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Site created 12/15/97.

review added: 7/18/00

The Castle of Cagliostro
1979 (2000) - Manga

review by Brad Pilcher of The Digital Bits

The Castle of Cagliostro Film Rating: A

Disc Ratings (Video/Audio/Extras): C+/B/C

Specs and Features

109 mins, NR, letterboxed widescreen (1.85:1), single-sided, single-layered, Amaray keep case packaging, Manga 2000 previews, Manga video fan club info, Manga web link, DVD catalog, film-themed menu screens, scene access (11 chapters), languages: English & Japanese (DD 2.0), subtitles: English

"Why, it's the way of thieves to risk their lives. If the job is finished, I'll leave."

Fans of Hayao Miyazaki have been in something of an uproar lately, based on rumors of the DVD release of Princess Mononoke being released without the Japanese language track on it (or a whole bunch of extras that are available on laserdisc). Lost in all the hubbub are a few things. First, and as our very own Todd Doogan has pointed out recently, it's a good thing either way that we're getting exposed to Miyazaki's work just by getting a DVD release. Second, Buena Vista is not the only place to find a good Miyazaki film.

Enter The Castle of Cagliostro on DVD. Manga is releasing this one, and you may want to take a heads up. This film is arguably better than Mononoke, and all of you purists can take a sigh of relief - the Japanese language track is present here, but there is a problem I'll get to later.

Cagliostro follows the exploits of Lupin III, a gentleman thief that could probably give James Bond a run for his money. After ripping off a casino with his partner Jigen, Lupin realizes his loot is "goat money" (i.e. high-quality counterfeit), so it's off to the tiny country of Cagliostro. This little principality is apparently the source of a sort of Holy Grail of counterfeiting, and Lupin would like to get the low-down on the operation.

When he is nearly run off the road by a passing car chase, involving a band of thugs and a beautiful girl, Lupin can't help but join in. Rumor has it that Spielberg called this one of the greatest car chases of all time. I wouldn't go quite that far, but it's a great little scene and it sets up the saga that will keep you captivated for the well over an hour-and-a-half running time. From daring rescues to fun action chases, a twisted but easy-to-follow conspiracy is unveiled leading up to an exhilarating finale.

Put simply, this story is absolutely splendid. Mononoke is an exceptional film, but I'll choose Cagliostro over it any day. Most animated films never run this long, but you'll have no problem keeping engrossed as the story takes its turns and twists. The action is top-notch as our gentleman thief uses gadgets that mix between Bond and Batman. The characters are enticing, and Lupin may be the best executed anime character I've ever seen.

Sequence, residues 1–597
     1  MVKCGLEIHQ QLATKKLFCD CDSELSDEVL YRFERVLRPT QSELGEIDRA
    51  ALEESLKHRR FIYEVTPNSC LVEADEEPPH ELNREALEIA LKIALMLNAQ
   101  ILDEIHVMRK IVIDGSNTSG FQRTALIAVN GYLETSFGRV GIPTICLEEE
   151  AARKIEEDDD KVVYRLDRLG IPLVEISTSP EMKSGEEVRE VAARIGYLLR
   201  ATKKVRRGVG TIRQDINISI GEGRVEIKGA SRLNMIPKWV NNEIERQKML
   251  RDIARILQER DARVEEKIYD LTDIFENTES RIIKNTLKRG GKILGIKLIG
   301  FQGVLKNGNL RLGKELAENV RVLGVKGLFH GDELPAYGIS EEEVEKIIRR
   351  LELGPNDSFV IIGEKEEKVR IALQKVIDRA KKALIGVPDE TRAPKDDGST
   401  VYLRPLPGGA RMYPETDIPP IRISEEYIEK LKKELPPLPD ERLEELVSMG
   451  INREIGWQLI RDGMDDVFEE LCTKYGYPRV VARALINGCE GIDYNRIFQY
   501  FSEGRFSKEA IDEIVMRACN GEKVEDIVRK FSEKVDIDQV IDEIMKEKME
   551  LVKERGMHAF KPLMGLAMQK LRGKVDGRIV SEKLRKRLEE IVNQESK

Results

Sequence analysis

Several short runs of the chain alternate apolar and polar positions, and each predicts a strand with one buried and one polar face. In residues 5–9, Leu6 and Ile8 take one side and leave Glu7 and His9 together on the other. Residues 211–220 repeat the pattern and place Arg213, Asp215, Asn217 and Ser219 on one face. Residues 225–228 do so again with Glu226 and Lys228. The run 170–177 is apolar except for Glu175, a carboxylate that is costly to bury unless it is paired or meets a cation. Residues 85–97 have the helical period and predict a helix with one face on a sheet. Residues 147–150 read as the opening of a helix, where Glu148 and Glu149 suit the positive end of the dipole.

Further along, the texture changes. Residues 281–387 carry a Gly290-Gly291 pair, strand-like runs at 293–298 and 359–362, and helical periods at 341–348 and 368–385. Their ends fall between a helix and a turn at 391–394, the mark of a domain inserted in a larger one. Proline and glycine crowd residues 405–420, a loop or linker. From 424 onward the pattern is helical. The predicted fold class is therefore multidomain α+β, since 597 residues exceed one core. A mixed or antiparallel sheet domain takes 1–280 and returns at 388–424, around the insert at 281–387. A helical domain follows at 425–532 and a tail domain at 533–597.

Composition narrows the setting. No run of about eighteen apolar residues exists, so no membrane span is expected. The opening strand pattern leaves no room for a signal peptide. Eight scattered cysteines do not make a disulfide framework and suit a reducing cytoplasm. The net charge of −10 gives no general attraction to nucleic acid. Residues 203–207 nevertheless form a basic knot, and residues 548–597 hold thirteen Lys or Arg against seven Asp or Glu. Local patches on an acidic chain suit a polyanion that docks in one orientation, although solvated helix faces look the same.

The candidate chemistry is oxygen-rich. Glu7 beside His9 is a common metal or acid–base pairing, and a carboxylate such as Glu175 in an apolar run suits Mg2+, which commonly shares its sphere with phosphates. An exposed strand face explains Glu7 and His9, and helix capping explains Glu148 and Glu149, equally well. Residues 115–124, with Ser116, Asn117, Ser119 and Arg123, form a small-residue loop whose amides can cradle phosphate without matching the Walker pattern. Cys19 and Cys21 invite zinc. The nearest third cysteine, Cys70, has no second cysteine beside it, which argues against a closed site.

On the animation side of things, I'm equally impressed, but only because I'm putting things in context. Mononoke is an better-animated film, but it was also made some 18 years after Cagliostro (which was released in 1979). In keeping with the time, Lupin and his fellow characters are rigid, but surprisingly fluid when compared to their late-70s counterparts. Overall, the animation is quite good, but you must remember how old this movie is.

On the technical side of things, less positive things can be said about this disc. The video could have been much better, but this is likely due to unavoidable source defects. There's a lot of grain, and the print is downright dirty at times with discolored blotches. The worst sin are the holes that keep popping up in the print. It can be very distracting when sizable black circles rush onto the screen over and over. I'm not aware of what prints do and don't exist of this film, so I don't know if a better print could've been obtained. That said, I'm sure this film looks better than it has in the past. While non-anamorphic, this is digitally remastered. Source defects aside, the print is completely watchable to the average person. Videophiles, on the other hand, are going to be disappointed.

The audio, on the other hand, is good with a decent balance of effects and dialogue. It is by no means spatial, and pretty much resides in the front speakers. Explosions and other effects lack some oomph, but overall you have a good if average soundtrack. That's the English track. The Japanese track, while present, is of low quality. It's mono and it shows, playing off as incredibly flat.

Extras represent another black mark against this disc. Manga has included the obligatory previews for its other titles, along with its own DVD catalog and Manga web links, but nothing is available in the way of extras for the actual movie. There is no trailer for The Castle of Cagliostro. There is nothing related to the movie, and that means that there really aren't any extras. I'm sorry Manga, but I don't count promotional previews as a legitimate extra (especially when it's the only extra).

Despite the lack of extras and the sub-par video, I really have to recommend this film for purchase. Spielberg is rumored to have been blown away by the film, and it was hailed as one of the best anime's of all time during the early 80s. I can see why it got the accolades it did. The plot is very intelligent and has a depth that much of anime lacks. The characters are classic and you really get into them, while the action is top-notch. The animation won't rival newer creations, but it remains quite good for its time. In other words, people who had their interest piqued in Miyazaki with Princess Mononoke should grab The Castle of Cagliostro ASAP. It's easily one of his best films.

Brad Pilcher
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